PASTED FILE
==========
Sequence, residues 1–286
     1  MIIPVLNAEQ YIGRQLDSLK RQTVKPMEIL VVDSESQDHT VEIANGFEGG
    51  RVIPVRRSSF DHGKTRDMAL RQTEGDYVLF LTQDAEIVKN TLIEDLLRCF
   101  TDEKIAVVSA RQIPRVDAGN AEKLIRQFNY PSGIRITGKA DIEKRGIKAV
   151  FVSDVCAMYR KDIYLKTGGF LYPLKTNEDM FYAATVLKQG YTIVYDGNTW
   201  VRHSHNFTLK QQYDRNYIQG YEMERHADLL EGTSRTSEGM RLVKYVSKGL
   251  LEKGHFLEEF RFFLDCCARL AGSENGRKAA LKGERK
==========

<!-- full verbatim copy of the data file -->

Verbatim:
Sequence, residues 1–286
     1  MIIPVLNAEQ YIGRQLDSLK RQTVKPMEIL VVDSESQDHT VEIANGFEGG
    51  RVIPVRRSSF DHGKTRDMAL RQTEGDYVLF LTQDAEIVKN TLIEDLLRCF
   101  TDEKIAVVSA RQIPRVDAGN AEKLIRQFNY PSGIRITGKA DIEKRGIKAV
   151  FVSDVCAMYR KDIYLKTGGF LYPLKTNEDM FYAATVLKQG YTIVYDGNTW
   201  VRHSHNFTLK QQYDRNYIQG YEMERHADLL EGTSRTSEGM RLVKYVSKGL
   251  LEKGHFLEEF RFFLDCCARL AGSENGRKAA LKGERK